Via Politico 44:
President Obama took aim Thursday at one of his Republican predecessors: Rutherford B. Hayes.
Speaking about the need to develop new sources of American energy in Largo, MD, Obama used our 19th president as a failure of forward-thinking leadership.
“One of my predecessors, President Rutherford B. Hayes, reportedly said about the telephone: ‘It’s a great invention but who would ever want to use one?'” Obama said. “That’s why he’s not on Mt. Rushmore.”
“He’s looking backwards, he’s not looking forward. He’s explaining why we can’t do something instead of why we can do something,” Obama said. “The point is there will always be cynics and naysayers.”
The best part: Obama got it wrong. Hayes was actually a huge fan of the telephone.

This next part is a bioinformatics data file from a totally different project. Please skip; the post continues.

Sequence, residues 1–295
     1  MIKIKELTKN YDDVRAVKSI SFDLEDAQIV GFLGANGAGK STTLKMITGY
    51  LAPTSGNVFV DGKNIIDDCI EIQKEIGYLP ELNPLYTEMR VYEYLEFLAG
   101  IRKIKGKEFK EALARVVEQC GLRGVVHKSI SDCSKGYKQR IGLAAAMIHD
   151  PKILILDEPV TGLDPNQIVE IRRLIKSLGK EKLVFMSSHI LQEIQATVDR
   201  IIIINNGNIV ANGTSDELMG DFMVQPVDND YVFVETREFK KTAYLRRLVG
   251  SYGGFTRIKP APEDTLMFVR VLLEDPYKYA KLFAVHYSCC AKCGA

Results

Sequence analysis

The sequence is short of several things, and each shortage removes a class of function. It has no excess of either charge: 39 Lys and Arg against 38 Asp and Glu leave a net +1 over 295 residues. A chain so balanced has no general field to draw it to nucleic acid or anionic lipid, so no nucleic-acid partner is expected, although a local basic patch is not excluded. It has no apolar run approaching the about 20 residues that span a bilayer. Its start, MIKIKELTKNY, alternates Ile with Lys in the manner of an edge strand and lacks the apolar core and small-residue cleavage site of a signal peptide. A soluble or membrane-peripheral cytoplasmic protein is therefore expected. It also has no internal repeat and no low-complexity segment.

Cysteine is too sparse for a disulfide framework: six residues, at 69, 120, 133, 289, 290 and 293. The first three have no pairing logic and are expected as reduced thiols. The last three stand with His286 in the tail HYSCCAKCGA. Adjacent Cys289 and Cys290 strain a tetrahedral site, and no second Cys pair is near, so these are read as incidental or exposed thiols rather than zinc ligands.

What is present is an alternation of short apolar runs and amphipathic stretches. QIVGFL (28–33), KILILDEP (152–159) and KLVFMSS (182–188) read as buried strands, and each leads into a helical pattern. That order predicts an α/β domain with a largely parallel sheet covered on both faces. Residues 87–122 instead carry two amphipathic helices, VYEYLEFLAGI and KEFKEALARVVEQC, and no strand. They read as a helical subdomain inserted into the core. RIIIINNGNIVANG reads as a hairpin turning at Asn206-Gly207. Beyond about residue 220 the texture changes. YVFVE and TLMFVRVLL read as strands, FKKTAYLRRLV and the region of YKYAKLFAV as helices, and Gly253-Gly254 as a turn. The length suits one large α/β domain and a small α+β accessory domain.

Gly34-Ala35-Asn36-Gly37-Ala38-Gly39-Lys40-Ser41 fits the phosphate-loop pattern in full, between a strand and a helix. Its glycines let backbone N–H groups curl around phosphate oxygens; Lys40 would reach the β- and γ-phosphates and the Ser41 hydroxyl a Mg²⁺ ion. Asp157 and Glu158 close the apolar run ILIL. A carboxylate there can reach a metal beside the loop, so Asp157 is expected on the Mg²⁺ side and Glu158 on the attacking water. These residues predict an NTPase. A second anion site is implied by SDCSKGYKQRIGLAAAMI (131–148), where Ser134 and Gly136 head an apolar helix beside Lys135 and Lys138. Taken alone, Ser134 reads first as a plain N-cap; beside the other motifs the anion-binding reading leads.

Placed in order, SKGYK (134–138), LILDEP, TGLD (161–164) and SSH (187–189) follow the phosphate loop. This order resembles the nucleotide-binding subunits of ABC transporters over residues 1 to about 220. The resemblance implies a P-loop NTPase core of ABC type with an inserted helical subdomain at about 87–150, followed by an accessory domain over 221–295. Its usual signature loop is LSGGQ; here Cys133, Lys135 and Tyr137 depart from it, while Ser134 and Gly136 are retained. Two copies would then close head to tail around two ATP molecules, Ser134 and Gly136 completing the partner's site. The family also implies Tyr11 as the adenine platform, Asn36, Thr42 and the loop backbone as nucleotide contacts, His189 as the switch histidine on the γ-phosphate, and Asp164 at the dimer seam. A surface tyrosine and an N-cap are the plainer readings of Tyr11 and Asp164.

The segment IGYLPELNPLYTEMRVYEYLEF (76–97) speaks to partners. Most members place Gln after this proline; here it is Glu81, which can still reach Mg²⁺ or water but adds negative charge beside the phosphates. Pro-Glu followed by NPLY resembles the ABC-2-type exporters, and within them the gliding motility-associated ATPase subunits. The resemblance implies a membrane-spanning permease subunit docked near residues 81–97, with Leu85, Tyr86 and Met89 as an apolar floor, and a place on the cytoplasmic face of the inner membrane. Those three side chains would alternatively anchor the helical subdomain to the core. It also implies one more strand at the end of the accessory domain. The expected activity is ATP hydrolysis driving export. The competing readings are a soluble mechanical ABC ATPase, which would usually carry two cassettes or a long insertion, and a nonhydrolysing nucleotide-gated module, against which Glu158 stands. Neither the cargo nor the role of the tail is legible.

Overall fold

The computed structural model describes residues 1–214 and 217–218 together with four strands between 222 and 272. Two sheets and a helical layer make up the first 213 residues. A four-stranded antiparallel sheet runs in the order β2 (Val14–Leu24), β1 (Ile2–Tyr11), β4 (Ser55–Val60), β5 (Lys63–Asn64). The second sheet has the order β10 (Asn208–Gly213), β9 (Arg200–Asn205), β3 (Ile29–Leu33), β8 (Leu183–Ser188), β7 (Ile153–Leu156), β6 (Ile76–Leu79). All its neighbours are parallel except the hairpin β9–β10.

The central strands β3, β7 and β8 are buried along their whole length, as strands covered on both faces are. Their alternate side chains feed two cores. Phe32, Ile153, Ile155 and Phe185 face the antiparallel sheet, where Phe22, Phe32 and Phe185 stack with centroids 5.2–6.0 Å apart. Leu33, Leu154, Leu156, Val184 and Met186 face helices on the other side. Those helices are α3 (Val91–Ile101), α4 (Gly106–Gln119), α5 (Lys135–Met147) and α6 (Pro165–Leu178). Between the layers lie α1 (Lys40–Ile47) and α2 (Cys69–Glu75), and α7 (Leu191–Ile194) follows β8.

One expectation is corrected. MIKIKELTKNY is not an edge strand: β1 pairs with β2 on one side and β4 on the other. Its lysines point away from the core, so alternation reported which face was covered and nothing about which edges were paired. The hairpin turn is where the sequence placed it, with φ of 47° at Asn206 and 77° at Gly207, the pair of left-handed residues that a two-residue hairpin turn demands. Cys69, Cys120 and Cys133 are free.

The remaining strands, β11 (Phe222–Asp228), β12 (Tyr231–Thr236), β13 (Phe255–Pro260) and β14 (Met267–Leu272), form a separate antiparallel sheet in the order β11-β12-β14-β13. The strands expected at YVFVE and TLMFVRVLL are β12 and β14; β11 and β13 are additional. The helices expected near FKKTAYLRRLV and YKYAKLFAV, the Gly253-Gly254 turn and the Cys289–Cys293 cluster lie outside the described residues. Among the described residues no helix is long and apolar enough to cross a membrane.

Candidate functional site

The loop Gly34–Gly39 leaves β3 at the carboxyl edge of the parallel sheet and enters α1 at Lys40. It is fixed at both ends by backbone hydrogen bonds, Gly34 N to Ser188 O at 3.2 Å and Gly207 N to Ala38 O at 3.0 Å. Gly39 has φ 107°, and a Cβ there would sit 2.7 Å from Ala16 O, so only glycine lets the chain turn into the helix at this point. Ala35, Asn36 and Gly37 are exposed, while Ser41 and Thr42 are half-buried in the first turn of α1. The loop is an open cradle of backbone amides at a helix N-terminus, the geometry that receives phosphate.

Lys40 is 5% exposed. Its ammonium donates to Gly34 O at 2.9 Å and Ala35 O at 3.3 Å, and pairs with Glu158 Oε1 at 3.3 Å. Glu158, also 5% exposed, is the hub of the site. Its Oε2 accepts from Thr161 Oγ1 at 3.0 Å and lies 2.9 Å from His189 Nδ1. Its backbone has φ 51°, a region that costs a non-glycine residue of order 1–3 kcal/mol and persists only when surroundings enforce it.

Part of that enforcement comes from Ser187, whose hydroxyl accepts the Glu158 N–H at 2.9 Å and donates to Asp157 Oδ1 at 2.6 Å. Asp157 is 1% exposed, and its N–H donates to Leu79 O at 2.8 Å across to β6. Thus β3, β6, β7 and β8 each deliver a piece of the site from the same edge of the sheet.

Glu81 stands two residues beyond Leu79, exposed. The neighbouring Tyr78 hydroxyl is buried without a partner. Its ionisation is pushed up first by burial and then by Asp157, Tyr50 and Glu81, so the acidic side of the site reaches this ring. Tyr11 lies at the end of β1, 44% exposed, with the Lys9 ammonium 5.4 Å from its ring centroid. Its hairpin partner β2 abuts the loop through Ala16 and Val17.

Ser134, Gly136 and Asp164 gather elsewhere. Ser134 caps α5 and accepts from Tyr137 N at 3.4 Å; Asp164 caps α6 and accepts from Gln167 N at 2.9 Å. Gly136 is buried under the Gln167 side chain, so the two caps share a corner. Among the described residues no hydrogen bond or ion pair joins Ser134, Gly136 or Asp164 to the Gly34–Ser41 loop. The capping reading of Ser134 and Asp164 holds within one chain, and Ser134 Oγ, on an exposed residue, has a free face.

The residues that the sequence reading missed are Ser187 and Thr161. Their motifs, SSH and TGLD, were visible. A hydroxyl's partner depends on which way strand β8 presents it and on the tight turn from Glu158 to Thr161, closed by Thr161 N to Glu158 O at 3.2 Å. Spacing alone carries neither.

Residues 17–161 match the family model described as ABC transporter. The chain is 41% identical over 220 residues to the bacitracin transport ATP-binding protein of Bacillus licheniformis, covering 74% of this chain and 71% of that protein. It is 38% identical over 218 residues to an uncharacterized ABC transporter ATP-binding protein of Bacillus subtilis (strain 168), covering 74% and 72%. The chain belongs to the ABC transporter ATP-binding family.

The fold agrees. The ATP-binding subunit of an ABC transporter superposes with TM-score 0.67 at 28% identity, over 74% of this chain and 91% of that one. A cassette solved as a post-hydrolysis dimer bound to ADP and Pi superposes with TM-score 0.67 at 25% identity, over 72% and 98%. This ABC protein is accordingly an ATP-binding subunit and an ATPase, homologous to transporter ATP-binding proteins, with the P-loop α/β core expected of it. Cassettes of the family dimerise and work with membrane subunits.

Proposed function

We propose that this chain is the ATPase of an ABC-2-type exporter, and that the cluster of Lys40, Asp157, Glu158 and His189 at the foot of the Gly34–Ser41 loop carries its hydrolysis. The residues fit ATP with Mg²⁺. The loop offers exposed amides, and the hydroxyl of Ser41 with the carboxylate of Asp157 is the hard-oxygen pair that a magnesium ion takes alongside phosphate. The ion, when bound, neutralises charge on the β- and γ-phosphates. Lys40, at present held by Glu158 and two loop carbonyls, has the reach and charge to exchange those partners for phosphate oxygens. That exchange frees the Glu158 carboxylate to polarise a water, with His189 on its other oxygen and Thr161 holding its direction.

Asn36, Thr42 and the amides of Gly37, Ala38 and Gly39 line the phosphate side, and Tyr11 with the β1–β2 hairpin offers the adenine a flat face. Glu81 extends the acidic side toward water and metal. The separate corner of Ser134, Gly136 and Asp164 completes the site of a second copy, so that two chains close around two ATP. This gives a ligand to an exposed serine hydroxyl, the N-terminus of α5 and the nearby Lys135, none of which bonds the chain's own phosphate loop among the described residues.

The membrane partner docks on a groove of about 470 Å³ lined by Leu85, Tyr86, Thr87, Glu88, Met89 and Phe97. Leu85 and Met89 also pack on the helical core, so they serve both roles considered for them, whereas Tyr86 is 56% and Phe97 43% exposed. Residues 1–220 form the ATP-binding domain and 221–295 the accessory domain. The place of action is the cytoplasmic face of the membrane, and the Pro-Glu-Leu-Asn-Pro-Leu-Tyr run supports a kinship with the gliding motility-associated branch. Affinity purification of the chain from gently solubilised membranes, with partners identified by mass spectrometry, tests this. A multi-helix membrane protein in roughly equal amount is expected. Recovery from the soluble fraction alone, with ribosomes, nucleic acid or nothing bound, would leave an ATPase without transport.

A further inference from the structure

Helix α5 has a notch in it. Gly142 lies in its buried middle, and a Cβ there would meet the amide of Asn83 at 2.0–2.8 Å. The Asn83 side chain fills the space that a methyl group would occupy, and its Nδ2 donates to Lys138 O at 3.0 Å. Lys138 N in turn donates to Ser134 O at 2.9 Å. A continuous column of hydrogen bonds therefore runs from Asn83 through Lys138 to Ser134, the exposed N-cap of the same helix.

New York Magazine’s Daily Intel does the legwork and finds that, contrary to Obama’s assertion that our 19th president dismissed the telephone as useless, Rutherford B. Hayes was quite enthralled by the device.
The curator of the Rutherford B. Hayes Presidential Center responds to Obama’s quip:
She then read aloud a newspaper article from June 29, 1877, which describes Hayes’s delight upon first experiencing the magic of the telephone. The Providence Journal story reported that as Hayes listened on the phone, “a gradually increasing smile wreathe[d] his lips and wonder shone in his eyes more and more.” Hayes took the phone from his ear, “looked at it a moment in surprise and remarked, ‘That is wonderful.'”
In fact, Card noted, Hayes was not only the first president to have a telephone in the White House, but he was also the first to use the typewriter, and he had Thomas Edison come to the White House to demon